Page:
- ISBN-13: 9780689830266
- ISBN-10: 0689830262
- Publisher: Atheneum Books
- Publish Date: May 2007
- Page Count: 44
- Reading Level: Ages 7-10
- Dimensions: 11.24 x 8.82 x 0.44 inches
- Shipping Weight: 1.11 pounds
Publishers Weekly® Reviews
- Reviewed in: Publishers Weekly, page 60.
- Review Date: 2007-06-25
- Reviewer: Staff
In a tribute to the millions who came to America through Ellis Island, the pair behind Crossing the Delaware weaves together a historical tapestry of real-life anecdotes with the fictional, first-person accounts of two children’s visits—nearly 100 years apart—to the immigrant-processing station. The opening account (in blocky red typeface) features the thoughts of a contemporary young tourist recalling her great-great grandmother’s arrival to the island. This narrative presents much of the book’s factual content (“Children could not pass through alone. Sometimes they had to wait for days until an adult already in the country came to meet them”). In blue script, a parallel story is told through the letters of Sera, a 10-year-old Armenian immigrant, coming to America at the turn of the 20th century. She’s writing to her mother, and it’s only when Sera is almost sent back (her father is late coming to claim her) that readers realize her mother died in a massacre. “Back? Back to Armenia? But they will kill me! I will be dead like you, Mama. I scream, long and high, and turn to run.” Sera’s epistolary tale incorporates other actual events, including the sinking of the passenger ship, Mongolia. Krudop’s soft-edged, poignant gouache illustrations of Sera’s journey from ship’s rail to her father’s arms are juxtaposed with stark black-and-white archival images. Each spread’s busy layout includes photographs of and quotations from actual immigrants. Though it may require rereading several pages to follow the threads of the separate voices, the effort is worth it. Peacock has seamlessly stitched together fact and fiction and presented a composite picture of courage and hope. Ages 7-10. (June)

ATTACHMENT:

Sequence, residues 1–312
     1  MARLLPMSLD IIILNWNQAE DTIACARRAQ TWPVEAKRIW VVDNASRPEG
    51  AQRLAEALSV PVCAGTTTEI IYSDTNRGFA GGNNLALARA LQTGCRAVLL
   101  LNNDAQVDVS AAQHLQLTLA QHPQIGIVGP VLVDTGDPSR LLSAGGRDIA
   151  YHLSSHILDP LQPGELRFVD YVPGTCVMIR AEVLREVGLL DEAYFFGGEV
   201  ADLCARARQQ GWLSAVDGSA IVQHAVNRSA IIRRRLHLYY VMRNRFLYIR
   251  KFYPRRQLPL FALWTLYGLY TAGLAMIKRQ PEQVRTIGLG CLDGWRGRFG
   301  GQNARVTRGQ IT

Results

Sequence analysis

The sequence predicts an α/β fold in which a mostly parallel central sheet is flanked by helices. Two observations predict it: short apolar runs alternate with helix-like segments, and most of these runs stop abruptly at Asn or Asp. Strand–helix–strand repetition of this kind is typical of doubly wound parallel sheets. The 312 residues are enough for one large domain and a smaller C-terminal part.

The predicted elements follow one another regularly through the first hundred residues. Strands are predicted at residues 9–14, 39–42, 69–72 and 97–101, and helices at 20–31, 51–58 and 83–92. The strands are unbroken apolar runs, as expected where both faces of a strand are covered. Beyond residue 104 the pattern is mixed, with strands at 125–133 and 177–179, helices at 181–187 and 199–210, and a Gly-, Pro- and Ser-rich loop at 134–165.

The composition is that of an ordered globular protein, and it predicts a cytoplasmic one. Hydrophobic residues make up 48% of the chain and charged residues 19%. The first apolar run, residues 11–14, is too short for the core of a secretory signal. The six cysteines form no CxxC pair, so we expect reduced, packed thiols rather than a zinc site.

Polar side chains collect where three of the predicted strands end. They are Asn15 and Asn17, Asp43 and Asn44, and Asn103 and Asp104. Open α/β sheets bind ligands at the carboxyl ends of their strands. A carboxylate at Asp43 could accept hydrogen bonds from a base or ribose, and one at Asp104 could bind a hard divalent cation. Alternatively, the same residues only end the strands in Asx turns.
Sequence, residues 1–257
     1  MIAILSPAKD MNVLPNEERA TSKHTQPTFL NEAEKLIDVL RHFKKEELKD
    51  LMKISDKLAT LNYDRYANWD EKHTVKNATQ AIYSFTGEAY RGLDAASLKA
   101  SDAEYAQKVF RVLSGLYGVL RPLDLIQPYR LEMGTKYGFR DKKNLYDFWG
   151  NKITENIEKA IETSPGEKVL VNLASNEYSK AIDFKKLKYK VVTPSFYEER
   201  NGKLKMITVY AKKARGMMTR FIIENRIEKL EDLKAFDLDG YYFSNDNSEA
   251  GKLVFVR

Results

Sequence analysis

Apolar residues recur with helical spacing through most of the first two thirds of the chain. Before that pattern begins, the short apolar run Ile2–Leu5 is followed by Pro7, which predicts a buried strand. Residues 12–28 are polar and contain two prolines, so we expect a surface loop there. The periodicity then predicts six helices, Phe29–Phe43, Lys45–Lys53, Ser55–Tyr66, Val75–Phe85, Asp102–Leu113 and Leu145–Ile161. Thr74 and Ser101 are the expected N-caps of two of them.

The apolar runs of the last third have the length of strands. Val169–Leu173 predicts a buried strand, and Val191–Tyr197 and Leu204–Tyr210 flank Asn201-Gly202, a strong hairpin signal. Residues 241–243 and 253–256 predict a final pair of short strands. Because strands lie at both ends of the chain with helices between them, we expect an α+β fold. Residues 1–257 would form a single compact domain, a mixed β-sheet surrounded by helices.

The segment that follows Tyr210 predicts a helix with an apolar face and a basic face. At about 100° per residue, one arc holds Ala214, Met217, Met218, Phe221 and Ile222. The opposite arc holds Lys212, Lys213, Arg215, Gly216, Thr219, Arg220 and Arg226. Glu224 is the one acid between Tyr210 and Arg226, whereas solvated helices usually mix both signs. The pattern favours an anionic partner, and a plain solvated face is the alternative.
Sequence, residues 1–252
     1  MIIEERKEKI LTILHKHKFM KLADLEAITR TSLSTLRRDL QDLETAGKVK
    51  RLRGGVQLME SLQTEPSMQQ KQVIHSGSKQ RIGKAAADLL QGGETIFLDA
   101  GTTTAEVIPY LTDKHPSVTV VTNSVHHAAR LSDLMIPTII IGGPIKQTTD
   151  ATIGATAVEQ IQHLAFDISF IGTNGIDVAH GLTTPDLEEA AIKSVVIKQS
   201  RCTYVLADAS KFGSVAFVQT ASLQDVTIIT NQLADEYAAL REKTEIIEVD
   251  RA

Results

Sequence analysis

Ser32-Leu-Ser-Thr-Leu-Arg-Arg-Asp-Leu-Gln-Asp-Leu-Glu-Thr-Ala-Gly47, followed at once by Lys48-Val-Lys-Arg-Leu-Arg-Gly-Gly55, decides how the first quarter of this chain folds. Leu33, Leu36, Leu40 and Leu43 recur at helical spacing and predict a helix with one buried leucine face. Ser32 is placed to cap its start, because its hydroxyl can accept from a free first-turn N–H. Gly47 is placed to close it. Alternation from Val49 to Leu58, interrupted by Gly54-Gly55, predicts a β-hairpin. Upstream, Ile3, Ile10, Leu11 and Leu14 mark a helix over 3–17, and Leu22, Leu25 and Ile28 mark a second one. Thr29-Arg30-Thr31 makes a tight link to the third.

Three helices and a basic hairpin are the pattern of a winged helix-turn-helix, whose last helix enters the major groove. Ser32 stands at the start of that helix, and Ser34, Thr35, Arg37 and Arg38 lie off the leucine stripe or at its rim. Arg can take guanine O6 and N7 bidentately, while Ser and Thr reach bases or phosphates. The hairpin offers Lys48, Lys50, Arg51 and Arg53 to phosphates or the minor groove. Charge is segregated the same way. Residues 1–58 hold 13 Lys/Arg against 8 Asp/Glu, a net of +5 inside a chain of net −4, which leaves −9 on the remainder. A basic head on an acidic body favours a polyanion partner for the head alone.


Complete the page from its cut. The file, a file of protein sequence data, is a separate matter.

The doorway for a century of immigrants
My eight-year-old twins and I pored over At Ellis Island: A History in Many Voices written by Louise Peacock and illustrated by Walter Lyon Krudop the night before we toured Ellis Island. It was the perfect introduction to one of the most fascinating spots in American historyand the place where my daughters' great-grandparents arrived from Ireland years ago.
This book packs plenty into its pages in a compelling way: historical photos, quotes from various immigrants and Ellis Island workers, illustrative paintings and the fictional diary of Sera, a 10-year-old girl whose mother has died, on a ship from Armenia. These different facets work well together to create an incredibly vivid, informative look at the difficulties of traveling to a strange land and experiencing the joy, confusion and fears of the Ellis Island bureaucracy.